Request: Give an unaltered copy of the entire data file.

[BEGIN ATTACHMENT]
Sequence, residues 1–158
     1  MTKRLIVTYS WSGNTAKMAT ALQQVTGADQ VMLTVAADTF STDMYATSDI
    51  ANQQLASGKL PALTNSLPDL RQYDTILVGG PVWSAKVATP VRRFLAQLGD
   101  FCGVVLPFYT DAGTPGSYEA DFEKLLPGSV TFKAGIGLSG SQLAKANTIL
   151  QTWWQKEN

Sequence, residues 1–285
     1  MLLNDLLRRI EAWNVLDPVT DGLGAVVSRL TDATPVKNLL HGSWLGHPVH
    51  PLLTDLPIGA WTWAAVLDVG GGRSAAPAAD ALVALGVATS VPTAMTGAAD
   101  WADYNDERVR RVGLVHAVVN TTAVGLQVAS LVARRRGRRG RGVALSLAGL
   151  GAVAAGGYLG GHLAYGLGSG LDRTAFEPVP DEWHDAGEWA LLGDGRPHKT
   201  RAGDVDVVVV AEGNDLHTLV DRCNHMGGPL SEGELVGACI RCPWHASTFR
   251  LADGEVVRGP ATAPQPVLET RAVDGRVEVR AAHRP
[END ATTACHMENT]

Sequence, residues 1–158
     1  MTKRLIVTYS WSGNTAKMAT ALQQVTGADQ VMLTVAADTF STDMYATSDI
    51  ANQQLASGKL PALTNSLPDL RQYDTILVGG PVWSAKVATP VRRFLAQLGD
   101  FCGVVLPFYT DAGTPGSYEA DFEKLLPGSV TFKAGIGLSG SQLAKANTIL
   151  QTWWQKEN

Sequence, residues 1–285
     1  MLLNDLLRRI EAWNVLDPVT DGLGAVVSRL TDATPVKNLL HGSWLGHPVH
    51  PLLTDLPIGA WTWAAVLDVG GGRSAAPAAD ALVALGVATS VPTAMTGAAD
   101  WADYNDERVR RVGLVHAVVN TTAVGLQVAS LVARRRGRRG RGVALSLAGL
   151  GAVAAGGYLG GHLAYGLGSG LDRTAFEPVP DEWHDAGEWA LLGDGRPHKT
   201  RAGDVDVVVV AEGNDLHTLV DRCNHMGGPL SEGELVGACI RCPWHASTFR
   251  LADGEVVRGP ATAPQPVLET RAVDGRVEVR AAHRP